ROC Civil Code Article 194
In case of death caused by a wrongful act, the father, mother, sons,
daughters and spouse of the deceased may claim for a reasonable
compensation in money even if such injury is not a purely pecuniary
loss.

ROC Civil Code Article 195
If a person has wrongfully damaged to the body, health, reputation,
liberty, credit, privacy or chastity of another, or to another’s
personality in a severe way, the injured person may claim a
reasonable compensation in money even if such injury is not a
purely pecuniary loss. If it was reputation that has been damaged,
the injured person may also claim the taking of proper measures for
the rehabilitation of his reputation.
The claim of the preceding paragraph shall not be transferred or
inherited, except a claim for compensation in money has been
promised by contract or has been commenced.
          Analogous Logic
If p, then q.
– p has attributes of a, b, c, and d.
– r has attributes of a, b, c, and e.
– a, b, c are essential elements to be q.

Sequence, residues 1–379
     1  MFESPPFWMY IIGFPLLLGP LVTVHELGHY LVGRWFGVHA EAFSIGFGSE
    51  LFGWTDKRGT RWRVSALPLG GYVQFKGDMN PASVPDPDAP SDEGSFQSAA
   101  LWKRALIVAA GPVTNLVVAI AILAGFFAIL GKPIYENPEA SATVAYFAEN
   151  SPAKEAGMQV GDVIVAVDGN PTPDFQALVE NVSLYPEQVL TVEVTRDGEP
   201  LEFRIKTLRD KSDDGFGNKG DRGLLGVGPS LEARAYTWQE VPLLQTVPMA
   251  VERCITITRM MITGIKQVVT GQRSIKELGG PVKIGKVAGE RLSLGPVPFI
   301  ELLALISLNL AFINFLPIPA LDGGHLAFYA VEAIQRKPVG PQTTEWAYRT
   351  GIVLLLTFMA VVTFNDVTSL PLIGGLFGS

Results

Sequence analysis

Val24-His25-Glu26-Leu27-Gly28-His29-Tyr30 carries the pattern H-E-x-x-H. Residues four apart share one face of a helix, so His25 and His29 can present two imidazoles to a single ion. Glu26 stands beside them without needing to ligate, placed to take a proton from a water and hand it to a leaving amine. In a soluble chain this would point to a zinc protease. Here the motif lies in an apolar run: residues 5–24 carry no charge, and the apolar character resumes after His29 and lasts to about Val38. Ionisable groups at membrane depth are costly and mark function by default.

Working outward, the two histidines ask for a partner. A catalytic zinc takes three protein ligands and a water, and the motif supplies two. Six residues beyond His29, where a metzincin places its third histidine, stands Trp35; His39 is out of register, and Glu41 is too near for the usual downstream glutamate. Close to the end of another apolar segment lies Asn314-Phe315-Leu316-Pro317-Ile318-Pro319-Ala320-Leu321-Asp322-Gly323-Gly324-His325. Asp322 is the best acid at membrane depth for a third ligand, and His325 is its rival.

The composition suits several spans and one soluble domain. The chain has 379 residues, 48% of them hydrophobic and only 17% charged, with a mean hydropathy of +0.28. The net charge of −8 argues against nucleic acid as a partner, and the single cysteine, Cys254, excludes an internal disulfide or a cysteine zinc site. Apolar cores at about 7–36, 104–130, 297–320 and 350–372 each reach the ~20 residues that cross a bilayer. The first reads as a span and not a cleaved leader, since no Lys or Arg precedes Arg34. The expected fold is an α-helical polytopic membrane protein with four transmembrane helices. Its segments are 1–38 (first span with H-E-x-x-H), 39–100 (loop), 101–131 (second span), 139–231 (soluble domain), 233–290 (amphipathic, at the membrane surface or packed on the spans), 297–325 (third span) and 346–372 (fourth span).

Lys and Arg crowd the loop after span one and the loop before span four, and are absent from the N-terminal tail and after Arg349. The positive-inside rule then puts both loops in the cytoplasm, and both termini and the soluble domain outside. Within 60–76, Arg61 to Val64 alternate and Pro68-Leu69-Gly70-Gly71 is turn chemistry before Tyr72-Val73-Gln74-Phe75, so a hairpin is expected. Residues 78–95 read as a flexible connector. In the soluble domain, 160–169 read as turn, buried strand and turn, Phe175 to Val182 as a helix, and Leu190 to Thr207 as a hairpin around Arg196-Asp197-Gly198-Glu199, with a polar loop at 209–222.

Then, if r, then q
If a right to claim a reasonable compensation in
money for non-pecuniary loss arises from
wrongful damage to the body, health, reputation,
liberty, credit, and privacy, the claim shall not be
transferred or inherited.
– Such a right is to compensate emotional distress
  arising from the infliction of the right of personality.
– The right in Art. 194 is to compensate emotional
  distress arising from the infliction of the right of
  personality as well.
Therefore, in case of death caused by a
wrongful act, the father, mother, sons, daughters
and spouse of the deceased may claim for a
reasonable compensation in money even if such
injury is not a purely pecuniary loss, the claim
shall not be transferred or inherited.
The Diagram of Legal Methodology of Civil Law




                                 The
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                              Principles
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                                                  Statute